What is significant about the title “Two Kinds”?
Name: __________________________________________ Section ________________________
Amy Tan’s “Two Kinds” Critical Reading Questions Due: May 14 (2052) – May 15 (2055)
The short story is in Kirszner and Mandell, pp. 687-695 and/or the pdf file located on Canvas.
Background: “Two Kinds” demonstrates the impact of the past on the present, reinforcing the belief that personal history shapes an individual’s cultural identity and attitudes about the world in the present. Suyuan Woo, in this story builds her and her family’s new life in America. Jing-Mei, is the daughter and narrator, she begins her story with “My mother believed you could be anything you wanted to be in America” (687). Jing Mei “June” narrates this short story by looking back on her childhood piano lessons. Her mother’s past life in China affects her daughter’s life in this country, just as her daughter, Jing-Mei‘s childhood experiences affect her identity and adult life in the present and future.
Directions: Evidence should come from the short story. Quotes must include a correct signal phrase, correct citation, and analysis. Write your answers in complete sentences. We will review this during our Zoom meeting, but you must Email me your responses to these questions in order to receive the points. Please make sure to add your name at the top of this page and your section number.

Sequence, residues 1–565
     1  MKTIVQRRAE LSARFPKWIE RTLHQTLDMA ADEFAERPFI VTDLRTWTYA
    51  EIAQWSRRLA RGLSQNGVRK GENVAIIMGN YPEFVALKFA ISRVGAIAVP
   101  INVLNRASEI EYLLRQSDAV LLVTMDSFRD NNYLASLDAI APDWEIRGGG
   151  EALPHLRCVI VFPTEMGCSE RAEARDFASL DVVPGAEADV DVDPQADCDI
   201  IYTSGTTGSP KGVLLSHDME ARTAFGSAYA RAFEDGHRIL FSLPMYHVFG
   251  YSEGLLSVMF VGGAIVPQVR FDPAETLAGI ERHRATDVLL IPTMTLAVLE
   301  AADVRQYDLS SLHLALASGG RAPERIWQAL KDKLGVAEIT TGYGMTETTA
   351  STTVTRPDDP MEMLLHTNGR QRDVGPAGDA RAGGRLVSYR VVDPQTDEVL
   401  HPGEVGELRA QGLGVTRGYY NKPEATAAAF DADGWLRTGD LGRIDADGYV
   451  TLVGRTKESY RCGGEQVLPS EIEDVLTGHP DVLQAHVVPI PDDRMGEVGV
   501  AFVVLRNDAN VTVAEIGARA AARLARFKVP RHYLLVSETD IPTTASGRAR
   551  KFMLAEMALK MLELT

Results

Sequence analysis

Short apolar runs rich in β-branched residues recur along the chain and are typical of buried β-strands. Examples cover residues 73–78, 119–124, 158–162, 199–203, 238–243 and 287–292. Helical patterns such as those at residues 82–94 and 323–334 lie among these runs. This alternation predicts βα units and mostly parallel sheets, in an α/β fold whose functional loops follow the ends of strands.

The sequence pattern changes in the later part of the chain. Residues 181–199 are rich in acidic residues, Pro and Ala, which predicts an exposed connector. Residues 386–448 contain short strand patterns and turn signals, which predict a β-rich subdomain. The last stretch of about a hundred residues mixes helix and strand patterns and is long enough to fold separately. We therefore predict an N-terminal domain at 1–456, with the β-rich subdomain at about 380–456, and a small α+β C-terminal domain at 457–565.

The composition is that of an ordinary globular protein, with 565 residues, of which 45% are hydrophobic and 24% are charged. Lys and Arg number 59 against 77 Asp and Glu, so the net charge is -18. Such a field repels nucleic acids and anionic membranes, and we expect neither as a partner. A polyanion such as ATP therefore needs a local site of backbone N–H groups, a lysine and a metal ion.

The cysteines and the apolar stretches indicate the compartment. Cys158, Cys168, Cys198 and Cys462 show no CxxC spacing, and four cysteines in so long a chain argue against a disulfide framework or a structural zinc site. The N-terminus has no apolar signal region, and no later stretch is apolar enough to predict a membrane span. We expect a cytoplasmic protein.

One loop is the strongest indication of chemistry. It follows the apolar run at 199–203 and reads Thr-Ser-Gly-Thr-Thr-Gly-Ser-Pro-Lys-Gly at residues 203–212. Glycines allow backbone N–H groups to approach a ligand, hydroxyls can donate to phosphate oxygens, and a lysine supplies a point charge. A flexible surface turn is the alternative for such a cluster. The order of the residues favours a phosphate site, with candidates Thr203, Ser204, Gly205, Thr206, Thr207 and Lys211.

Study Guide Questions: Answer all of the following questions. (14 points)
1. What is significant about the title “Two Kinds”? How does the title suggest the theme?
2. What are some of the ways Suyuan (the mother) tries to make her daughter into a prodigy? Why does she decide on Jing-Mei becoming a great pianist? How does this support the theme?
3. How does the piano, as one major metaphor show how Tan links this to the mother-daughter relationship? Explain its significance to the theme of the role of the past in maintaining a link between the past and the resent? How does Jing-Mei’s refusal to play the piano set up for conflict?
4. In Amy Tan’s “Two Kinds,” Jing-Mei begins her story with “My mother believed you could be anything you wanted to be in America” (687). How does this first sentence set the stage for the conflict between the past and the present—the conflict between a daughter and mother found in this story?
5. How does the setting influence the characters? Does it affect or reflect their emotional state? Does it help explain their motivation? How important are the objects (physical setting) to the plot?
6. How effective is the point of view for this story? What prompted the narrator to tell this story?
7. What does the scene at the end of the chapter link to the theme? What do the two songs tell the reader about how Jing-mei has changed? In what ways do “Pleading Child” and “Perfectly Contented” describe Jing-me?